An operational amplifier configured as an inverting amplifier is one of the most widely used configuration. Hence we must study how the feedback resistors affects the overall gain. In this section we shall study how to calculate the gain of inverting amplifiers.

Let us look at the circuit diagram of inverting amplifier. Observe how the current from the source divides into base current and the current through the feedback resistor.

We apply Kirchoff’s current law at the node. The current from the signal source i_{in} divides into i_{F}(current through the feedback resistor) and the base current I_{B}.

Hence i_{in} = i_{F} + I_{B}

Here the base I_{B} current is very small. Typical value of base current is 0.5μA for 741C operational amplifier. For the sake of simplicity, we neglect base current in comparison with i_{in} and i_{F}. Hence the above equation may simply be written as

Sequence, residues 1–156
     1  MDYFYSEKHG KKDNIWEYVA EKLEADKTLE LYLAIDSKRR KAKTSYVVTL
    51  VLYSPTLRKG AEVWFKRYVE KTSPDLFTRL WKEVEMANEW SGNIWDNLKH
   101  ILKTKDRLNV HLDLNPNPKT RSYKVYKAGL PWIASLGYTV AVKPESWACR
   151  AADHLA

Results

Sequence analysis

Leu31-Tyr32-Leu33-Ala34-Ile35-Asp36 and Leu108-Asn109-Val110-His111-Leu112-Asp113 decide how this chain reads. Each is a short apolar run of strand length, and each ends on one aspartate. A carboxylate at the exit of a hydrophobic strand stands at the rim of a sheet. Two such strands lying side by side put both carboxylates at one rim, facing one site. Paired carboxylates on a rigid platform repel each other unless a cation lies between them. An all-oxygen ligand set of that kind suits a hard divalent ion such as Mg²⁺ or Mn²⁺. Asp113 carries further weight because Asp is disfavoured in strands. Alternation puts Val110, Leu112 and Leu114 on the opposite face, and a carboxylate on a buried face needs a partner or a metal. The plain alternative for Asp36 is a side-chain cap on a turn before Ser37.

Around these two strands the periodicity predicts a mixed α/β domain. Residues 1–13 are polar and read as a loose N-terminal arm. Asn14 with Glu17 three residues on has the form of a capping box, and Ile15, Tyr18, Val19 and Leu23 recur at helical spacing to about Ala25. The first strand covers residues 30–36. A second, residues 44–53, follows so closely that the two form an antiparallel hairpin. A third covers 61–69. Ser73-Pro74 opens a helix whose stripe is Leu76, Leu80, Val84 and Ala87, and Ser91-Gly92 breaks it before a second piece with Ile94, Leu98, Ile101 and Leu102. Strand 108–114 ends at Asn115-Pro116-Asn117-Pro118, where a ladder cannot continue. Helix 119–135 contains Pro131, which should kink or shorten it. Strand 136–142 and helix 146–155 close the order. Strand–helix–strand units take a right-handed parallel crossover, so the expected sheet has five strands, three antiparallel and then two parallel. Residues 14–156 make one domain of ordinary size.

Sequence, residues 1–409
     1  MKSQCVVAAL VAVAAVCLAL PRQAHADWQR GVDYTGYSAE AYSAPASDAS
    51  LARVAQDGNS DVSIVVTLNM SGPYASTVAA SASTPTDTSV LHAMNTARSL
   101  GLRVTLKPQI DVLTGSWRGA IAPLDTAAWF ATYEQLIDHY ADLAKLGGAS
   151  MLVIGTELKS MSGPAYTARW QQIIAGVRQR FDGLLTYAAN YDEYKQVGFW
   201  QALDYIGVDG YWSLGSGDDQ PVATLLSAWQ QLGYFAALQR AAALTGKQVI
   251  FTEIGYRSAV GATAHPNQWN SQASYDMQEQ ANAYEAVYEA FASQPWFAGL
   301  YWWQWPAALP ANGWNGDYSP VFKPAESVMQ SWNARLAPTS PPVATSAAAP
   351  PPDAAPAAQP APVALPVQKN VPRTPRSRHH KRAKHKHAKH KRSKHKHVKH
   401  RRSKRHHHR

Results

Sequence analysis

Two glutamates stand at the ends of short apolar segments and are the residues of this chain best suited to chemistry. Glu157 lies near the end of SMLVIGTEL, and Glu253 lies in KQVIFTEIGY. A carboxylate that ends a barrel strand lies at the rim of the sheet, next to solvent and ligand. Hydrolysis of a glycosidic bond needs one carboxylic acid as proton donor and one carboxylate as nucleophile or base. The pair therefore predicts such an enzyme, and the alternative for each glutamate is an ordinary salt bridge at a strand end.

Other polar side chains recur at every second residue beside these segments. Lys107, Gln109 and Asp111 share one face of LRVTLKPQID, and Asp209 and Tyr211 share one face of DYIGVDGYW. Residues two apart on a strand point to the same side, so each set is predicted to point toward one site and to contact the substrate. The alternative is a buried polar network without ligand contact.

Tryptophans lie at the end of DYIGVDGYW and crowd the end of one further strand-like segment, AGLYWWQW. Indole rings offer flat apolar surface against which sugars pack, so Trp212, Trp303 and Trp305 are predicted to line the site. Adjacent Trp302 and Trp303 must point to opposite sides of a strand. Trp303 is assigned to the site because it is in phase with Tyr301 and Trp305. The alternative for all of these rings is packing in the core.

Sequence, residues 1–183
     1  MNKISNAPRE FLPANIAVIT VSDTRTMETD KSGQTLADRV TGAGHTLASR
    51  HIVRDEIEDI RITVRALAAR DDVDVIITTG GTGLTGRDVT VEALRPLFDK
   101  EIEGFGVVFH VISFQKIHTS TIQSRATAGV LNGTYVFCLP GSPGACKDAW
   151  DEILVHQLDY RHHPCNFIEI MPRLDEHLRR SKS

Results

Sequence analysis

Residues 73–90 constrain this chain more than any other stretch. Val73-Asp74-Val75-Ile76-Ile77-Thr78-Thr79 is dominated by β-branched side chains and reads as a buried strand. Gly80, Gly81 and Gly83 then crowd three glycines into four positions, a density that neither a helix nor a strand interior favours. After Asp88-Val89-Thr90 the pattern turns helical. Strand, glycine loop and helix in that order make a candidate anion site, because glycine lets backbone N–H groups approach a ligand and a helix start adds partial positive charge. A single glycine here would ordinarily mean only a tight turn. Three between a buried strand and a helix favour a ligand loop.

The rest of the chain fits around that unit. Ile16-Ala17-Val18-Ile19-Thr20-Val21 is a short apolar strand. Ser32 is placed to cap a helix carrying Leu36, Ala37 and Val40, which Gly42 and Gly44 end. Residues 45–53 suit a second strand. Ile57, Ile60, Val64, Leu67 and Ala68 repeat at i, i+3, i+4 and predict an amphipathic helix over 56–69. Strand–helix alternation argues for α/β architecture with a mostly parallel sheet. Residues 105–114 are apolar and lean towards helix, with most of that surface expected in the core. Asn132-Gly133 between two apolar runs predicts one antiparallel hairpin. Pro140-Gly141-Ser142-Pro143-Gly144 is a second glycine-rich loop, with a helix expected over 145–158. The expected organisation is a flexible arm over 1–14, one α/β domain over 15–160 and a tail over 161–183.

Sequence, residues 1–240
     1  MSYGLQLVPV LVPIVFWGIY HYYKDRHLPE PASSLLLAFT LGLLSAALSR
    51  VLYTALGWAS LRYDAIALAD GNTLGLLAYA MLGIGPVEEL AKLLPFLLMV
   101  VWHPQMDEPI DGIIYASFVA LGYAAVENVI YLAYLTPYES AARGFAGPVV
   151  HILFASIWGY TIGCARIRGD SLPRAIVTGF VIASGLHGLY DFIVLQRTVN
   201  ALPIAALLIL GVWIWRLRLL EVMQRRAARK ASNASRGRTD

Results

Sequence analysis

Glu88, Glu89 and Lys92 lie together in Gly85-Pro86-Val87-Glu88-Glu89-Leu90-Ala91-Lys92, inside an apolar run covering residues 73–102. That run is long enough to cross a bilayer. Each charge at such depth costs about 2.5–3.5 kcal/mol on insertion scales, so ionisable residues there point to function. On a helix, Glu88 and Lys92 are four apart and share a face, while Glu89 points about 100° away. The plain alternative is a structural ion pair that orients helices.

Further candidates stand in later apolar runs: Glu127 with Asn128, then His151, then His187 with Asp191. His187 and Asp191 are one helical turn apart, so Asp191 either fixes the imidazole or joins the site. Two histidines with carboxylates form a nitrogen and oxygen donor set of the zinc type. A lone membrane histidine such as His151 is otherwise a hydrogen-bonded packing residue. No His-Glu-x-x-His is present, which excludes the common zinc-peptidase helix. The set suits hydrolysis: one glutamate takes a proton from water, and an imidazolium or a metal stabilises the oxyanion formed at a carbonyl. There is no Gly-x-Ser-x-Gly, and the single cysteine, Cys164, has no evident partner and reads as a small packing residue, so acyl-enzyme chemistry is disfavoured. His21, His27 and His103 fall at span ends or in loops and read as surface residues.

i_{in} ≅ i_{F}

Let us simplify the above equation. From the figure given above, we can write the equation as follows.

However, since the non-inverting terminal of the op-amp is connected to ground, the inverting terminal is approximately at the ground potential. The inverting terminal is said to be at * virtual ground*. Rewriting the above equation, we get the following expression.

Rearranging the above equation, we get.

Hence the gain of inverting amplifier is equal to the ratio of feedback resistance R_{F} to the input resistance R_{1}. We can conclude from the above equation that the gain of inverting amplifier is independent of the open loop gain of op-amp. The gain of inverting amplifier is dependent on external components (resistors). Thus we can control the gain of inverting amplifier using external resistors. In the sections to follow, we shall also see how to select the value of those resistors in the inverting amplifiers.

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